Cote: Panthers got what they expected in Game 2. Now NHL East finals gets good as it heads south | Opinion

Florida Panthers coach Paul Maurice saw it coming. Foretold it. Had examples of why it might happen. Warned his team to expect it.

None of that was enough to stop it.

Call it human nature or call it hockey nature, but the New York Rangers’ 2-1 Game 2 home win in overtime Friday night to tie the NHL Eastern Conference finals was predictable because so is this:

Desperation brings out the fight in you.

Florida had won Game 1 in the first round vs. Tampa Bay, “and Tampa came back and played its best game of the series,” said Maurice. The Panthers got spanked at home in Game 1 of the second round against Boston, “and we played our best in Game 2.”

“They came out really explosive and that’s what we expected,” said defenseman Aaron Ekblad.

Incredibly, the Panthers had won 11 straight playoff overtime games until Friday, a surreal run. The law of averages were more than overdue.

The desperation the Rangers were facing and fighting as Game 2 began and into OT: Teams down 2-0 all-time in the Stanley Cup playoffs come back to win only 13.7 percent of the time.

If you narrow it down to the East finals, only one of 19 times has a team rallied from 2-0 down to win and advance. That lone was the Detroit Red Wings ... in 1945 ... almost 80 years ago. (The minimum wage was 40 cents an hour.)

“I thought this would be a game that would be real challenge to manage,” admitted Maurice afterward.

So it was that after a listless 3-0 loss Wednesday night that turned Madison Square Garden quiet as a library during exams week, New York -- fans and city -- bounced back big in an encore performance.

It leaves the series even and teetering, waiting to be claimed, entering pivotal Game 3 in a Sunday matinee back in South Florida in the Sunrise rink, where Rangers faithful, either transplants or travelers, can be expected to make themselves heard.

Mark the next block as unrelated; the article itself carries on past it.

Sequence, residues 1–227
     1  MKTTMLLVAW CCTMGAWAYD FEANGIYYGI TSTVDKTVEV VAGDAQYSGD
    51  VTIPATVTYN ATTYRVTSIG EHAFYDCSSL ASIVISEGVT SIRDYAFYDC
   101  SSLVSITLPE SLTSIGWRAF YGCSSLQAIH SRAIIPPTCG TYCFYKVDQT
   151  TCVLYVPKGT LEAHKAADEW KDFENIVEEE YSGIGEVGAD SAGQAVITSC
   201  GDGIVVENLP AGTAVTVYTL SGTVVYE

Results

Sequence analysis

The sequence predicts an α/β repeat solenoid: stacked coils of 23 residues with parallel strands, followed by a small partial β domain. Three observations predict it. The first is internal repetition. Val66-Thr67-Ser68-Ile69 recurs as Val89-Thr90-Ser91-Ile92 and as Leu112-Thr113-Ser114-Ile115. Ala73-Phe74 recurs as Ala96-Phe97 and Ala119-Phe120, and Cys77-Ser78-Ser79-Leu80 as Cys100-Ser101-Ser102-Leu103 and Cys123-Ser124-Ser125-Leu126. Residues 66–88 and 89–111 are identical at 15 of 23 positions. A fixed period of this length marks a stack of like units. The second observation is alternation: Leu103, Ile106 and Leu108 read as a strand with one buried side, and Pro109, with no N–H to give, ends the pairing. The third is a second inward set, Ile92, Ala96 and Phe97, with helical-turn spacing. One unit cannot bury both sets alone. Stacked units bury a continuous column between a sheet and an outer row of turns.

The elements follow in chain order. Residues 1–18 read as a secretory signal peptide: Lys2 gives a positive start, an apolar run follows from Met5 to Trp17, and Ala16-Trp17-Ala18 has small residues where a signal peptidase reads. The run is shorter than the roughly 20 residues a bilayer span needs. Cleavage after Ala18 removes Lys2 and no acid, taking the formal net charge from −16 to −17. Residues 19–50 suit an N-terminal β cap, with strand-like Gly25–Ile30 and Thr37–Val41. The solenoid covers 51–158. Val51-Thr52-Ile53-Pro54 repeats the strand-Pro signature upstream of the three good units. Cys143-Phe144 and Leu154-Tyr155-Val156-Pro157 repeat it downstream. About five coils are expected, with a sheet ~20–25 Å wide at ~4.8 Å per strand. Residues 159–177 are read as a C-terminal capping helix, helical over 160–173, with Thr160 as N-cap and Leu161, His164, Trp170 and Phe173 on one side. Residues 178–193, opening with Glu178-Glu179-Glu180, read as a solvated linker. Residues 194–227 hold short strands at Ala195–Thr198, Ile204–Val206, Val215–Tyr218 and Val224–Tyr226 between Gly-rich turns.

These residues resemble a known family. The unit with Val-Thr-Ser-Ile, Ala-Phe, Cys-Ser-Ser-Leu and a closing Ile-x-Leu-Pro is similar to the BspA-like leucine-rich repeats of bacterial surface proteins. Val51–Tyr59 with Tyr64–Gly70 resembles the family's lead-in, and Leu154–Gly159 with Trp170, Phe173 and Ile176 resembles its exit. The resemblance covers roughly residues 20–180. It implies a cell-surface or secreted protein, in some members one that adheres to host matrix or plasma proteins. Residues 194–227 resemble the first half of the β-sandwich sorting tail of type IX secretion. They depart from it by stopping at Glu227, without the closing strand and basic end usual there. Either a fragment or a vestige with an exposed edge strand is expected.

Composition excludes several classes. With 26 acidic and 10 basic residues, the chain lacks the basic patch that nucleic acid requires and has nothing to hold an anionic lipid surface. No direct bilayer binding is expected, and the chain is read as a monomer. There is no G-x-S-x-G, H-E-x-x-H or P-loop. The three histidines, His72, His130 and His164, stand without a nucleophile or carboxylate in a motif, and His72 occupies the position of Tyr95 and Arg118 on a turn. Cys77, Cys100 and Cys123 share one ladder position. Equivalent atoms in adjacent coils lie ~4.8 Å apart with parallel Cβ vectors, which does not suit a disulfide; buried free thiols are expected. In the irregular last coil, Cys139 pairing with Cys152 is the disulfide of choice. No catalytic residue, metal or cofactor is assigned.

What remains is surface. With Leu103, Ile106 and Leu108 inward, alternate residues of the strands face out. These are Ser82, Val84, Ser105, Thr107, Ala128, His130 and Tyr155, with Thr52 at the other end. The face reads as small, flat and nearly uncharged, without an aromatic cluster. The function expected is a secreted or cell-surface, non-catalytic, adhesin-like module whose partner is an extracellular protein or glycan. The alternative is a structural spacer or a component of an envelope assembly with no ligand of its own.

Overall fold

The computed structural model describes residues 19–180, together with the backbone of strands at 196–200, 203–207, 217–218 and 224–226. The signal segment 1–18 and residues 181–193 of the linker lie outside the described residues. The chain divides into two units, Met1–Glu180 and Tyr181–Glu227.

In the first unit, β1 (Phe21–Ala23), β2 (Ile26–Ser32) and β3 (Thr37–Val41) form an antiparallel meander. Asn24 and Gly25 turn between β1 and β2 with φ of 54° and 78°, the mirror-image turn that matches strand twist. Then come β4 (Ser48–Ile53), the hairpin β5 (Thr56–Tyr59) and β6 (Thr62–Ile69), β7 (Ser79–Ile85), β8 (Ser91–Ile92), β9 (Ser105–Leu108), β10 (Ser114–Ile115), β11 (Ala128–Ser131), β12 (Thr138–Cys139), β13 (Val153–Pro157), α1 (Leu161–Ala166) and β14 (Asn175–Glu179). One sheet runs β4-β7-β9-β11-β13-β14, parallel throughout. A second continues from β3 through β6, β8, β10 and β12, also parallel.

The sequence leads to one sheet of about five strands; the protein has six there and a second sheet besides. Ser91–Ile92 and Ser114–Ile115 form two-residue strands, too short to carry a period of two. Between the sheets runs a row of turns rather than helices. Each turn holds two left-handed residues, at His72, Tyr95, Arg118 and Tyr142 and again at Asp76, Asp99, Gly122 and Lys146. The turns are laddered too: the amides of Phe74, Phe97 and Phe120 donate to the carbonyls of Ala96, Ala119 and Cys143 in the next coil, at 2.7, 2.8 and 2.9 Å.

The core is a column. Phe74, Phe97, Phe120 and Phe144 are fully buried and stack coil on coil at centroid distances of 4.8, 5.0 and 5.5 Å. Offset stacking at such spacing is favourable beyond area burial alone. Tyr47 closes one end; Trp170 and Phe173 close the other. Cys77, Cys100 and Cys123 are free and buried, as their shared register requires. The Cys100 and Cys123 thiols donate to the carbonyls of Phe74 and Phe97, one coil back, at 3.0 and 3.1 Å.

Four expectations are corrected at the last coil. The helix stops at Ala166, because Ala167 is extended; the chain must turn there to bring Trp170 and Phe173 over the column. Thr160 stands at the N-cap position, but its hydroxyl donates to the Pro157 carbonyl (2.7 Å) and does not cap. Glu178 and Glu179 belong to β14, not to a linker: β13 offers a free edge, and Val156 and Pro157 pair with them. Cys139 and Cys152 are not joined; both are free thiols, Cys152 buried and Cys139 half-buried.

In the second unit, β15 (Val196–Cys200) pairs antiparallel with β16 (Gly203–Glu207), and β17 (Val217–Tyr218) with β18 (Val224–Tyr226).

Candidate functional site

Pressure shifts. The Panthers now must sweep two at home for control in the series. If they settle for a home split to make it 2-2, New York would enjoy the advantage of two of the last three, including Game 7, at Madison Square Garden.

The Rangers came out smoking and cashed just 4:12 in on a snap shot by Vincent Trocheck. The Panthers’ Carter Verhaeghe had been freight-trained on a hit to open the net for Trocheck. MSG was rockin’.

It got louder when brief skirmishes broke out across the ice following the goal.

“They were all over us in that first period,” said Verhaeghe.

Down 1-0 Maurice did one of those quickie in-game TV interviews.

“We’re alright,” he said. “Nobody’s been arrested yet. We’re alright.”

(Love that guy.)

NYR might have gone up by two on a power play soon after but Florida rose up with a great kill led by two blocked shots by captain Aleksander Barkov.

Panthers then got an equalizing, momentum-stealing goal off a power play of their own only 1:51 before the first period ended. Call it Verhaeghe’s revenge. His wrist shot straight-on through traffic beat the goalie for his 23rd Panthers postseason goal -- most in franchise history.

It was great hockey but scoreless the rest of the way until 5:59 remained in overtime. That’s when Barclay Goodrow’s shot ignited MSG and gave the Rangers fresh life.

“Don’t like to talk about goals too much,” said goalie Sergei Bobrovsky afterward. “He shoot and scored.”

Not saying the Rangers were already desperate after one listless loss entering Friday, but the talk in New York was whether the team needed to break the ‘In Case Of Emergency’ glass and deploy Matt Rempe.

Who!? Exactly.

Rempe, 21, is a seldom-used rookie, but he is 6-7 (some claim 6-8) and 241 pounds. He usually is sent onto the ice if the Rangers or MSG need waking up with a couple of violent body checks or strategic penalties. He had 71 penalty minutes in just 17 regular season games

Rangers coach Peter Laviolette declined to reveal beforehand if Rempe would be on a line for Game 2. He was.

ESPN analyst Mark Messier had said, “Maybe they should think about putting Rempe in the lineup.” On TNT, more starpower in Wayne Gretzky and Henrik Lundqvist suggested he might make an impact.

The impact was minimal. Rempe is, at this point, mostly a novelty. But he may be a talisman on skates, too, as the Raners are now 24-1 when Rempe plays.

Credit the Rangers in any case. After a desultory effort in Game 1, NYR came back like the Presidents Trophy winner it was for the best regular season record in hockey.

“That’s what happens when you get the two best teams in the conference,” said Verhaeghe. “It’;s going to be a battle.”

The Eastern finals got good Friday night. Turned taut as you might expect.

The battle has only just begun.